• Imagistic references to blood and water are continually repeated
    • The phrase fair is foul, and foul is fair is echoed at many points in the play, a combination that mixes the concepts of good and evil
    • A central motif of the washing of hands, one that combines both verbal images and the movement of the actors

    The sled in Orson Welles’ Citizen Kane

    The scars borne by Anita Blake and Jean-Claude in Laurell K. Hamilton’s Anita Blake, Vampire Hunter series

    The black worn in so many special ops or vampire stories that indicate characters who are bad ass or require stealth Leitwortstil Definition: Purposefully repeats words that usually express a motif or theme important to the story.

    A.k.a., key word style

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    Hebrew poetry

    The recurring phrase, “Are we there yet?” when you go on a trip with kids or impatient adults.

    Arabian Nights, so it goes in Kurt Vonnegut’s Slaughterhouse-Five

    Gordon Livingston’s Too Soon Old, Too Late Smart: Thirty True Things You Need to Know Now, which repeats the phrases: “Don’t do the same thing and expect different results”, “It is a bad idea to lie to yourself”, and “No one likes to be told what to do”. Negative Capability Definition: A willingness on the part of the writer to let what is mysterious or doubtful remain just that, an unanswered question, leaving the mystery a mystery.

    The Write Answer

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    J.K. Rowling’s Harry Potter universe of magic isn’t explained. Rowling simply expects the reader to accept the witches and wizards, giants and dwarves, goblins and ghosts, that Platform 9¾ exists, where the name Muggle comes from, simply that magic exists.

    “Ode on a Grecian Urn” and “Ode to a Nightingale” by John Keats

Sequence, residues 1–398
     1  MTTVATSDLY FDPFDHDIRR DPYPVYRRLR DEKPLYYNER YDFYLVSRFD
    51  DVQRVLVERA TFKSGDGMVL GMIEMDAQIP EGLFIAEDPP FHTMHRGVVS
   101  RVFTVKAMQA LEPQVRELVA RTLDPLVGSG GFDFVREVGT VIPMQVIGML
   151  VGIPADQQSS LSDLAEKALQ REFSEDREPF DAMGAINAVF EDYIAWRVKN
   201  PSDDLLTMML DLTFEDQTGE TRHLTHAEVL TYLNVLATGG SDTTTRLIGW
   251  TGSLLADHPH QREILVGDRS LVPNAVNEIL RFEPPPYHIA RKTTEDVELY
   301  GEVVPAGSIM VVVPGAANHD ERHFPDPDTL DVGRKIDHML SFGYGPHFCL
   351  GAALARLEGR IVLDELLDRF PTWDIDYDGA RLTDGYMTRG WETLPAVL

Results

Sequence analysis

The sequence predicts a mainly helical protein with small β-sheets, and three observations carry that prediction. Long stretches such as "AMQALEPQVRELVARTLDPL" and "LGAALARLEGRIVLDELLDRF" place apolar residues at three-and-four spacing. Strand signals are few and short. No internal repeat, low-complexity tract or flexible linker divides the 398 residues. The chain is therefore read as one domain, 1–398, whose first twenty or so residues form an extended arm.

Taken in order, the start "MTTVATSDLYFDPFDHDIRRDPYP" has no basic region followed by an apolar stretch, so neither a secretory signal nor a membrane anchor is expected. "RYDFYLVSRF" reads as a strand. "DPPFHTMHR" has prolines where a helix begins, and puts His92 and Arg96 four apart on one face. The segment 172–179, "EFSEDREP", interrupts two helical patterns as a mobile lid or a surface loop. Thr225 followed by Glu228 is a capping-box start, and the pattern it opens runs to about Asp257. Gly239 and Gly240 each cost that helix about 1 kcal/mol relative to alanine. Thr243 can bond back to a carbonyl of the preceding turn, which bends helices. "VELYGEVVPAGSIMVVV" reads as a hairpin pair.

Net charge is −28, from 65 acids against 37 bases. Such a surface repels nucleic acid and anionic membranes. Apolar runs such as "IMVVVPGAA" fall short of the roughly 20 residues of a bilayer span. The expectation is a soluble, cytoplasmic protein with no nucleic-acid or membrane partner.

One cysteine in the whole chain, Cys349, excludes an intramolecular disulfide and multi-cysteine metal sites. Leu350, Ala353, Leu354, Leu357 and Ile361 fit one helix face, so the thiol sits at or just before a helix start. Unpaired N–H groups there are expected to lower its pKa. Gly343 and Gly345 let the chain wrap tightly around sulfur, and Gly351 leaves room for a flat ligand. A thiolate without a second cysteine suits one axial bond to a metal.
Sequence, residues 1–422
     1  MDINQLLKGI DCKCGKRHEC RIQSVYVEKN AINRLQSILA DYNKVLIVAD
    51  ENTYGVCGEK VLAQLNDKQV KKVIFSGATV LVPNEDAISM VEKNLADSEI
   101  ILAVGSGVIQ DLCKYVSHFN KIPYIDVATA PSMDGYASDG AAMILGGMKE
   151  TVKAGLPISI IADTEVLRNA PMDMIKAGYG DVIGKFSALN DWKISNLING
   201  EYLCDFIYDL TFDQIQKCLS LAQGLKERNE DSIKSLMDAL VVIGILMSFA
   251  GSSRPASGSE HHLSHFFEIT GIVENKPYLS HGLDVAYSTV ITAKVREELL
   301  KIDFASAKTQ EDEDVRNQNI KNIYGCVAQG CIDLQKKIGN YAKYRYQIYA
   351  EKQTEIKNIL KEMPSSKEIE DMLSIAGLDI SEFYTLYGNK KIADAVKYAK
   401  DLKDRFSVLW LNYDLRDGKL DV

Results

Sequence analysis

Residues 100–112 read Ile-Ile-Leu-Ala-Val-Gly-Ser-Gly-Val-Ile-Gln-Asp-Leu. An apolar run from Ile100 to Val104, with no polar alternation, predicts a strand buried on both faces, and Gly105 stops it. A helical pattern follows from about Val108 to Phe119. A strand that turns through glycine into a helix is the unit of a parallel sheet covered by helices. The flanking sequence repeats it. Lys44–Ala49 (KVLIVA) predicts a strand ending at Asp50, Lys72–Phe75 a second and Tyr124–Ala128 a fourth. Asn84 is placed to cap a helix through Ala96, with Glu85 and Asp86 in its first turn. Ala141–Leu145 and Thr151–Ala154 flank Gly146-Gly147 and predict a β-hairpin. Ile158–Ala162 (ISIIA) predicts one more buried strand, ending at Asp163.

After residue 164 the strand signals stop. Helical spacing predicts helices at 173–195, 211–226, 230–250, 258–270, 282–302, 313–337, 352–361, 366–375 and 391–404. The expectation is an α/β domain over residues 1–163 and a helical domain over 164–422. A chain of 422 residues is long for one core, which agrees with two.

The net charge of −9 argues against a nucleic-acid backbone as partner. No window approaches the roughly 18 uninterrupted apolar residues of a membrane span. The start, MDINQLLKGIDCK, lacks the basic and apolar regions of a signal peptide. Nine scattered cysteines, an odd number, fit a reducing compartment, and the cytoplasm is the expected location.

Urban fantasies and paranormal tales Nemesis Definition: Refers to a situation of poetic justice wherein the positive characters are rewarded and the negative characters are penalized.

    It can also refer to the character or medium by which this justice is brought about as Nemesis was the patron goddess of vengeance according to classical mythology.

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    In the Harry Potter series, the protagonist Harry Potter is the nemesis of the evil Lord Voldemort.

    Literary Devices

    Paradox Discover more in the post, “Figure of Speech“, and have less to lose. Parody Need an excuse to stop writing? Read the entry on parody in the post, “Figure of Speech: Parody“. Parallel Structure Definition: Places sentence items in a parallel grammatical format wherein nouns are listed together, specific verb forms are listed together, etc.

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    It can be a word, a phrase, or an entire sentence repeated. It helps organize ideas, makes a text or speech easier to understand, and creates a satisfying rhythm in the language an author uses.

    For a more grammatical look, read “Parallel Construction, a.k.a., Parallelism“.

    A.k.a., parallelism

    Faulty Parallelism Proper Parallelism
    This article will discuss:

    1. How to deal with corporate politics
    2. Coping with stressful situations
    3. What the role of the manager should be in the community
    This article will tell managers how to:

    1. Deal with corporate politics
    2. Cope with stressful situations
    3. Function in the community


    King Alfred tried to make clear laws that had precision and were equitable.

    Using the verbs in front of the adjectives does not create parallelism.

    King Alfred tried to make the law clear, precise, and equitable.

    Use of the adjectives makes this a parallel structure.

    Create this effect by repeating the same pattern of words at key points in the text “Friends, Romans, Countrymen, lend me your ears;
    I come to bury Caesar, not to praise him.” – William Shakespeare, The Tragedy of Julius Caesar

    “I have a dream that one day this nation will rise up and live out the true meaning of its creed: ‘We hold these truths to be self-evident, that all men are created equal.’
    I have a dream that one day on the red hills of Georgia, the sons of former slaves and the sons of former slave owners will be able to sit down together at the table of brotherhood…